Also this week: encouraging grad students to finish their programs in a timely fashion by not giving them deadlines, the unexpected connection between Plos and veggie burgers, and more.
Wait, the US members of the AAU were going to kick out McGill and Toronto last week, then reversed the decision?
Wait, a Plos co-founder is now the Impossible Meat founder? This interested me not just because of the tangential connection to academic publishing, or for the discussion of meat consumption and climate, but for the window into alternative theories of political and social change. I am always struck by the intensity of disagreement between mission-driven people who agree on ends but disagree on means.
Wait, short-term interventions that encourage people to change their behavior to fight climate change have almost no effect while the interventions are running, and no effect after they end? That’s…totally what I’d have expected, actually.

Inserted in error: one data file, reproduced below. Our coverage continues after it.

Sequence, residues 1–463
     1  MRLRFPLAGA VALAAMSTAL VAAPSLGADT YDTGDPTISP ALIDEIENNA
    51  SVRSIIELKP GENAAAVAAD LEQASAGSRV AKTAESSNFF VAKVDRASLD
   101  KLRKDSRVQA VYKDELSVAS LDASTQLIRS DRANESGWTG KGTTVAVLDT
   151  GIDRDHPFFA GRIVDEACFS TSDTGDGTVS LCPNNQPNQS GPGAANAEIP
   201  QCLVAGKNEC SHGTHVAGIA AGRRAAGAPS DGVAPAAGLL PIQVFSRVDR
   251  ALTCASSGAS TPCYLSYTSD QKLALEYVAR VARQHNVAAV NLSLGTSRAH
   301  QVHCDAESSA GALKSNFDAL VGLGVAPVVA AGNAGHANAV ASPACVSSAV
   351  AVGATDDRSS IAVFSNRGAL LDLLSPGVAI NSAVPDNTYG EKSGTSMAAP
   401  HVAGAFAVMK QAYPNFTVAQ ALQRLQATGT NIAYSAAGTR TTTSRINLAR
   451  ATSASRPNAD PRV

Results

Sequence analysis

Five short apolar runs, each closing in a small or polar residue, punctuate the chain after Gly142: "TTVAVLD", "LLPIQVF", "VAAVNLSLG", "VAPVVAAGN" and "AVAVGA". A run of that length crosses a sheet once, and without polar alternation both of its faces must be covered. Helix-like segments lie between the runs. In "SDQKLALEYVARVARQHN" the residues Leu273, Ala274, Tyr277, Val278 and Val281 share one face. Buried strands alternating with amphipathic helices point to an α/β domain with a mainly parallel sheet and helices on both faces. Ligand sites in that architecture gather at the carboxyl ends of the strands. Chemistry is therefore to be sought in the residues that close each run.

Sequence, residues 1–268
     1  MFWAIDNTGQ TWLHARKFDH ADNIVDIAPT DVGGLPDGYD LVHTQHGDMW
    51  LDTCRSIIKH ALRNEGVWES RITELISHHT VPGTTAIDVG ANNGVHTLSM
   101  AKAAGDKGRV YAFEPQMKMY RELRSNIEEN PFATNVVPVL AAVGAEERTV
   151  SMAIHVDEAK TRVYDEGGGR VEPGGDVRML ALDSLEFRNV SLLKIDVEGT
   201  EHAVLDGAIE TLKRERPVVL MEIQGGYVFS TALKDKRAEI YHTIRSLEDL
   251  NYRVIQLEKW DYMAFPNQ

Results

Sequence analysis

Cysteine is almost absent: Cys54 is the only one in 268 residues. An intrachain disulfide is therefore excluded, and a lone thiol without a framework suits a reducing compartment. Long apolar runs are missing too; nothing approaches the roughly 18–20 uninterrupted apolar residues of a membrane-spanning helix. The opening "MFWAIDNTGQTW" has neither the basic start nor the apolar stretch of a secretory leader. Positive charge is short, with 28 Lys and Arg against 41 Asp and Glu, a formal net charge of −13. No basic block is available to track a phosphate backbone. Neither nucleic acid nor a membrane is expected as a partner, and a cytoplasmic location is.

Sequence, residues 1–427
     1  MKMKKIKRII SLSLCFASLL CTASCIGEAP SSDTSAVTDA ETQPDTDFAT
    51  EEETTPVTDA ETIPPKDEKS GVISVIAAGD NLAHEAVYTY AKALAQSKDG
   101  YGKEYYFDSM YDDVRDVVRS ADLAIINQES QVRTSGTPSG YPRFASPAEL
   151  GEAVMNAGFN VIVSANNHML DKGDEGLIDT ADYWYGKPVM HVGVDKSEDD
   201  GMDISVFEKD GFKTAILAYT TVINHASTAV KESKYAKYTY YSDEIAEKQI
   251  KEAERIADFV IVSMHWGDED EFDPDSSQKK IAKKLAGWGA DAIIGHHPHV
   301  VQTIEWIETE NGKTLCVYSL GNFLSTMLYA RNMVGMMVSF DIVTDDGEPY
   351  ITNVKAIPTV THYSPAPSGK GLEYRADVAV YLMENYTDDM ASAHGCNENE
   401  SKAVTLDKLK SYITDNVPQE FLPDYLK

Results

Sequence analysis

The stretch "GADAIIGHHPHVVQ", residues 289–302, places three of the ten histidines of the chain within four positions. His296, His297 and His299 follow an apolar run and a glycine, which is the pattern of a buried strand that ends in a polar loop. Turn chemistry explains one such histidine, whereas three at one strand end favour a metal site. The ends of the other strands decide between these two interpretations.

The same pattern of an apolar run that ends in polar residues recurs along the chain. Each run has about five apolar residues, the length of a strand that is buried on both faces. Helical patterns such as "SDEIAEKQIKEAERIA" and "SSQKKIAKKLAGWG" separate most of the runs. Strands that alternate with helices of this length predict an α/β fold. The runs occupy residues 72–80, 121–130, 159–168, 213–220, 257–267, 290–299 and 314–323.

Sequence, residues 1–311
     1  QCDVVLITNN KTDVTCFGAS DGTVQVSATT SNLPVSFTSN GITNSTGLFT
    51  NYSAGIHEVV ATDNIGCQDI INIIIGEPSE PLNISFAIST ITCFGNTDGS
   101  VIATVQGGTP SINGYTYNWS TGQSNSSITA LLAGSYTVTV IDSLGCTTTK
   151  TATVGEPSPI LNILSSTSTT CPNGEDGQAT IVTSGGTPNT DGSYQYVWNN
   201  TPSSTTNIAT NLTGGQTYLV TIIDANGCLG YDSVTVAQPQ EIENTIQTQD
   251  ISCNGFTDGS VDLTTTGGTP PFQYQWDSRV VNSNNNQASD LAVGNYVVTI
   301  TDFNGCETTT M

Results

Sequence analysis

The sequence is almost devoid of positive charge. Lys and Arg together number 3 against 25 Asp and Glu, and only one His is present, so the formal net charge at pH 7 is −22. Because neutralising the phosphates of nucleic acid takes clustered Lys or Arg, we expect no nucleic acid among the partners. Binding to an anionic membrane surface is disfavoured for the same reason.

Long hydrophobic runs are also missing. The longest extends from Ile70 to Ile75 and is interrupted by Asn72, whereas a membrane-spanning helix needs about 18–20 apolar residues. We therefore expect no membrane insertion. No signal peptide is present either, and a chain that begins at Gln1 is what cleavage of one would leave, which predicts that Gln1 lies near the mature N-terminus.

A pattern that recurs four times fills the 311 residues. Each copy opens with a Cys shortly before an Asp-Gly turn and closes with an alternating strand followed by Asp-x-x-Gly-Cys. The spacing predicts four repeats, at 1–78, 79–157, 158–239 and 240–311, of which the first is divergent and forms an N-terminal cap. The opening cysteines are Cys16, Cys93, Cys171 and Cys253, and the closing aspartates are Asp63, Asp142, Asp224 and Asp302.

Does science (and philosophy) really advance one death at a time, and if so why? Commentary on a very interesting empirical study. (ht @jtlevy)
Black applicants for NIH R01 grants tend to receive lower scores than white applicants, because they tend to propose work on topics that score lower with reviewers. Does this mean that NIH should rethink its funding priorities?
The University of Chicago is ending the fixed-length guaranteed funding period for graduate students in social sciences and humanities. Instead, graduate students will be guaranteed funding for as long as they remain in good academic standing–but program enrollments will have hard caps (that are yet to be determined). The goal is actually to help students finish their degree programs, and do so promptly, without anxiety about having their funding cut off. Speculating, I can imagine that the success of these changes will depend a lot on the details of how they’re implemented in practice. Question: would you like to see this model adopted more widely, including in the sciences, mathematics, and engineering? (ht Marginal Revolution)